Pesach vort Faith, the True Wealth Strength of the Righteous Women Rav Elya Svei

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    Faith, the True Wealth. Strength of the Righteous Women

    ונתתי את חן העם הזה בעיני מצרים והיה כי תלכון לא תלכו ריקם:
    ושאלה אשה משכנתה ומגרת ביתה כלי כסף וכלי זהב ושמלת ושמתם על בניכם ועל בנתיכם ונצלתם את מצרים
    I shall grant this people favor in the eyes of Egypt, so that it will happen that when you go, you will not go empty-handed. Each woman shall request from her neighbor and from the one who lives in her house silver vessels, golden vessels, and garments; and you shall put them on your sons and daughters, and you shall empty out Egypt (Shemos 3:21-22).
    The Gemara (Sotah 11b) writes that it was in the merit of the righteous women in that generation that Bnei Yisrael were redeemed from Egypt. When the women went to draw water, Hashem prepared small fish inside. They heated the water and cooked the fish, and brought them both to their husbands in the fields; this was at great risk, since the Egyptians had deliberately separated the men from the women. The women then helped their husbands wash up and gave them to eat and drink, and in this way they built their families. When it was time to give birth, the women went back to the fields, delivered their babies, and left them there — where Hashem sent His angels to care for them. In the zechus of the women’s mesirus nefesh to tend to their husbands and to give birth to babies under such dangerous conditions, the Gemara adds, Bnei Yisrael were also zocheh to the spoils of Egypt at the time that they were redeemed.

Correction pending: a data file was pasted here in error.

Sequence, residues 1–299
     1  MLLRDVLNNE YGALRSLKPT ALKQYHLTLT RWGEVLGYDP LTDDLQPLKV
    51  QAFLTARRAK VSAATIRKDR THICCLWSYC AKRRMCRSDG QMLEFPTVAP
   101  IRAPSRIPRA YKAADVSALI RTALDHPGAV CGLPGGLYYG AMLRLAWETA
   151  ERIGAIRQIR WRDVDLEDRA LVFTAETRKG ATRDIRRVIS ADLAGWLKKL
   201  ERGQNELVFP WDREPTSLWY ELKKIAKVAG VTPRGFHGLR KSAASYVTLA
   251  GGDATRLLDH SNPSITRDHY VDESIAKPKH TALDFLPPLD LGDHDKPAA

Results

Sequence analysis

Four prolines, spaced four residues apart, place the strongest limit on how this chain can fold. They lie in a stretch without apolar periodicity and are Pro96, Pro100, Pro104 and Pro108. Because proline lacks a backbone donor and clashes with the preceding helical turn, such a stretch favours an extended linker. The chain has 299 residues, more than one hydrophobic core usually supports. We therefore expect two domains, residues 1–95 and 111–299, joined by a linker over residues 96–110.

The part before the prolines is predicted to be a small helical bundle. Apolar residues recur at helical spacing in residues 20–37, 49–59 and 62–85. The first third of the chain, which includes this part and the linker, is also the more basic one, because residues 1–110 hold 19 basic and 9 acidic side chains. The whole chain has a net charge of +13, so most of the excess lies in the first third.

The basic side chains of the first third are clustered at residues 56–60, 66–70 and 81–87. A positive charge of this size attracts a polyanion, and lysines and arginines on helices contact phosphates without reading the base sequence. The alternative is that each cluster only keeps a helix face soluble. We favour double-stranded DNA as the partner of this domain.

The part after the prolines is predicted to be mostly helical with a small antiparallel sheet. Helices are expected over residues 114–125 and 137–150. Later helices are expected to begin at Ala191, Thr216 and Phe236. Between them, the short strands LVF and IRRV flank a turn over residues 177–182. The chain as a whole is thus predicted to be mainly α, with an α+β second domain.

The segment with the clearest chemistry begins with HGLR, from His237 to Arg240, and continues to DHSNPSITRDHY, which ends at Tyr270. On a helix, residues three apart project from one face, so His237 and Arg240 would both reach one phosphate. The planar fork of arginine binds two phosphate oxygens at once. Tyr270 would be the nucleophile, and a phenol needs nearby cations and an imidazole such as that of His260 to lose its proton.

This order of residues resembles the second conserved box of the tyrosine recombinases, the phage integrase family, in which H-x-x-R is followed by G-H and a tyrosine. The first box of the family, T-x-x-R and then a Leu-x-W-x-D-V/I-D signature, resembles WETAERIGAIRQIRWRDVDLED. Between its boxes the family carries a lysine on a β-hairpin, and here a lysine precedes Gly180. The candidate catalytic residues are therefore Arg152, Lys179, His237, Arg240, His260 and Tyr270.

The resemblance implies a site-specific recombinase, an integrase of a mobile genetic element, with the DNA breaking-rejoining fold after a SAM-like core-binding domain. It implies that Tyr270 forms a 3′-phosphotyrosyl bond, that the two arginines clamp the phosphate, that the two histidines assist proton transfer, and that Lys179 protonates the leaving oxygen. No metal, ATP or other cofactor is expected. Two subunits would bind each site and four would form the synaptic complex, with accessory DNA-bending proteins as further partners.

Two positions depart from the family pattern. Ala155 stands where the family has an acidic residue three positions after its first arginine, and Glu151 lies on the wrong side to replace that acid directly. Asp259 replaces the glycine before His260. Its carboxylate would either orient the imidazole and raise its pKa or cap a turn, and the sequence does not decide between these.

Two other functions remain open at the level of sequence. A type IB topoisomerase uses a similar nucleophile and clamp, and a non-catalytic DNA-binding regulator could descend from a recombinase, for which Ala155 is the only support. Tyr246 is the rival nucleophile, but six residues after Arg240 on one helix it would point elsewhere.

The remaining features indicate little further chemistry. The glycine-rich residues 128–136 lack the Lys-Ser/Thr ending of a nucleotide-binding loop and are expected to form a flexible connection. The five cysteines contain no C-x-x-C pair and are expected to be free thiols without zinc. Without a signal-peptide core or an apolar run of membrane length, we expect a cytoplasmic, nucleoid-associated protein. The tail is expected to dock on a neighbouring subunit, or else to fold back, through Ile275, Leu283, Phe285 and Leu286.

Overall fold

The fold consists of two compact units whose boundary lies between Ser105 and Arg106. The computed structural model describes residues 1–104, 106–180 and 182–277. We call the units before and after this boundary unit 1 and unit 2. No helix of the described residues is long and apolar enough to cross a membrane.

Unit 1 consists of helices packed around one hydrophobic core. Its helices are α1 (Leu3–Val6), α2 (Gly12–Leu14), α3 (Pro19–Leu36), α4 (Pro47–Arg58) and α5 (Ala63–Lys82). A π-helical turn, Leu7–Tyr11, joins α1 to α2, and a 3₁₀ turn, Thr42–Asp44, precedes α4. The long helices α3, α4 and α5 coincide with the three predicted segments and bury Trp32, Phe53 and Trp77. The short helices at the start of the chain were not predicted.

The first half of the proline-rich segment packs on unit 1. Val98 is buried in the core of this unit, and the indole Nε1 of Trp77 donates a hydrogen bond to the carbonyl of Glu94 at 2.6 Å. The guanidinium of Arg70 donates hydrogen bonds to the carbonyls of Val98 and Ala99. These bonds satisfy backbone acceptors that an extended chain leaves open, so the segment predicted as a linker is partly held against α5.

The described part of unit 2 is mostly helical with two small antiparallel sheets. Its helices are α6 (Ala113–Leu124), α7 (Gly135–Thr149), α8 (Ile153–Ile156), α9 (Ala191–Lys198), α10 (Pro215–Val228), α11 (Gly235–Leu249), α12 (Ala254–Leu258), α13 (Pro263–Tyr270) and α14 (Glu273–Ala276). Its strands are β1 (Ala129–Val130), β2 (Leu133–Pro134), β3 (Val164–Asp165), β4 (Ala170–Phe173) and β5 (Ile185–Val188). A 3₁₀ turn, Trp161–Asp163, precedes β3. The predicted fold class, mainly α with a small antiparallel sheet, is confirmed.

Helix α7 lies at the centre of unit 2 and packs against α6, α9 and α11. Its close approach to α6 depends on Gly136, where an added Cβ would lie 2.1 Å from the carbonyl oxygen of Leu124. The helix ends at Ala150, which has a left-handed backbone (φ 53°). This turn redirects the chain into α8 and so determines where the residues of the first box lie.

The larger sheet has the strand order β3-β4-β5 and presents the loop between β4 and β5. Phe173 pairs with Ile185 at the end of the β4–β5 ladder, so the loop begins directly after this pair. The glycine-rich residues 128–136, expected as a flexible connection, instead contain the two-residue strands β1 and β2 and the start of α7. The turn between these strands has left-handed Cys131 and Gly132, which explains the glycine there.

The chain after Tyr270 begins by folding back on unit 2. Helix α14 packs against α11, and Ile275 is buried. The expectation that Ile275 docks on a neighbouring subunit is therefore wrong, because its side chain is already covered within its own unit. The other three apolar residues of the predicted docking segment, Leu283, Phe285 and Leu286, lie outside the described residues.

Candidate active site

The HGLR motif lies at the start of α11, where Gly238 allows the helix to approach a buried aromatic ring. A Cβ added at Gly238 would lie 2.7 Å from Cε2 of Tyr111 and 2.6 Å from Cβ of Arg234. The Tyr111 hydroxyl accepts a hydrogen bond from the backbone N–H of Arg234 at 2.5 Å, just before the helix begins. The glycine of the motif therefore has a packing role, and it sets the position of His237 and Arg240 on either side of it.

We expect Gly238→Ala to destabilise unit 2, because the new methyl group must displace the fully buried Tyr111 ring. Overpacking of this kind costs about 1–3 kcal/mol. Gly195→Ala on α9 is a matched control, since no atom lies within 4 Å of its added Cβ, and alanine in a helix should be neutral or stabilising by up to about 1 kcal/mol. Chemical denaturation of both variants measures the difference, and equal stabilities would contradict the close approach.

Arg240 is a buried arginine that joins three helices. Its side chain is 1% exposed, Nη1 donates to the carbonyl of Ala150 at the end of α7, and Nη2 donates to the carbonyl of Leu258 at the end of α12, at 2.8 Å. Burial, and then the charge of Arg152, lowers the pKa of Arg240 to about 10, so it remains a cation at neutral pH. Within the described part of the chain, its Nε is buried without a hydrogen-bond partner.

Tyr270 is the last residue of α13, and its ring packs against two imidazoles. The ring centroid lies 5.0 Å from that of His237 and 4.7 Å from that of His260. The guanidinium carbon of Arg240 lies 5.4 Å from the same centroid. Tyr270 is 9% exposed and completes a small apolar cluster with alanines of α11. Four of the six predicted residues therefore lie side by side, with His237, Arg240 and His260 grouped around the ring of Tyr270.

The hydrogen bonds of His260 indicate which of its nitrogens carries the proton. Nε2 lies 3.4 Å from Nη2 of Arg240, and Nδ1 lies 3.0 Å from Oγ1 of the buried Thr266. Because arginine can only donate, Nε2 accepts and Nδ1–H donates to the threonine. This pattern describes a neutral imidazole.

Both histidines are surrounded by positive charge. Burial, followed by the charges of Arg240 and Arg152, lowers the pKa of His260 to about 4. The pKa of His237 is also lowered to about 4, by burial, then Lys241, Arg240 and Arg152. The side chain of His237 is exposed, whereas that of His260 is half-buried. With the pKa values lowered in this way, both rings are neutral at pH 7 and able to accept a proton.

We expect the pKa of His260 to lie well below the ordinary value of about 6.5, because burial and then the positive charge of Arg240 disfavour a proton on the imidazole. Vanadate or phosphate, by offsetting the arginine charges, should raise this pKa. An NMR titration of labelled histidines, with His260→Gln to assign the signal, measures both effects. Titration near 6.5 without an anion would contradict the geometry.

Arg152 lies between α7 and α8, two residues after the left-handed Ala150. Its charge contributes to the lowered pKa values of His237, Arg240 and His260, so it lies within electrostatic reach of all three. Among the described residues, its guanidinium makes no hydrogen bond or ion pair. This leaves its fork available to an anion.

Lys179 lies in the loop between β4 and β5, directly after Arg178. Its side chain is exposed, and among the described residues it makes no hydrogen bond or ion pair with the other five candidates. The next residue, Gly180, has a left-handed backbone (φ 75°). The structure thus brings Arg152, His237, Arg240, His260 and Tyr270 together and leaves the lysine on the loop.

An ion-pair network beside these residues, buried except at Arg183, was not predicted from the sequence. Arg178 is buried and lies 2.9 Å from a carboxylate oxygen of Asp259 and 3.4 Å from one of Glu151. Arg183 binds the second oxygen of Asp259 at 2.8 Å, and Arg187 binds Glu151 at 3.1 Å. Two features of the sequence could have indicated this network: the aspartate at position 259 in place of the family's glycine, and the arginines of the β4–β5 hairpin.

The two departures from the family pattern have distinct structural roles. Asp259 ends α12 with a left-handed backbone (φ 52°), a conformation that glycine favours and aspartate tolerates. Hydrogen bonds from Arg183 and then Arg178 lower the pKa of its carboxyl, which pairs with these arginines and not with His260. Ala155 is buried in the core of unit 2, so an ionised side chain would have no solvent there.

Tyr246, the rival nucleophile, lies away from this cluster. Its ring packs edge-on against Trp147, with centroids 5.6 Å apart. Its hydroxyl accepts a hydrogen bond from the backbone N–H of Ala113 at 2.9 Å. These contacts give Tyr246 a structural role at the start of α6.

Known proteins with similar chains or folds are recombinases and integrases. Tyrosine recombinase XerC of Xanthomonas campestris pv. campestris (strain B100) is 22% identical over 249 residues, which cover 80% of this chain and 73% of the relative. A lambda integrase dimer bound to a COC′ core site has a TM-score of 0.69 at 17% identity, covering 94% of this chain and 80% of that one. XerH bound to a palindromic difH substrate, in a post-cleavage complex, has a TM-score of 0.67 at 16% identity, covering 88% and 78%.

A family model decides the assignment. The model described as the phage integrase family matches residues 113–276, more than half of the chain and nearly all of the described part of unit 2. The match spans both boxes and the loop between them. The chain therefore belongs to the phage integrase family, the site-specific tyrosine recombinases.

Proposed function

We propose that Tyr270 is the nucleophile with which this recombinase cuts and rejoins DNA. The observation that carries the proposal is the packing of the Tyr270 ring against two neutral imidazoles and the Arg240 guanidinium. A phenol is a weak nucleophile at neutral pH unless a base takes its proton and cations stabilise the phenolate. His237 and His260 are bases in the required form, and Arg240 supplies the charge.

Why were the spoils the Jews received specifically in the merit of the valorous women?
    Before we answer this question, several other questions arise, particularly in regard to the spoils Bnei Yisrael took with them. First, in Parashas Bo (11:2), Hashem said to Moshe, “Daber na be’oznei ha’am ve’yishalu ish mei’eis rei’eihu ve’ishah mei’eis re’usah klei chesef u’chlei zahav — Please speak in the ears of the people: Let each man request of his fellow and each woman from her fellow silver vessels and gold vessels.” The Gemara (Berachos 9a) tells us that Hashem asked Moshe to plead with the Jews to take gold and silver from their Egyptian neighbors before leaving. Hashem used the term “na,” a lashon of bakashah, request, because He did not want Avraham to later say that He fulfilled the first part of His promise, that Bnei Yisrael would be enslaved (Shemos 15:13), but not the second part, that He would punish the Egyptians and that the Jews would leave with great wealth (v. 14). Why did Hashem have to plead with Bnei Yisrael to take the wealth? Aren’t most people interested in acquiring wealth without being begged?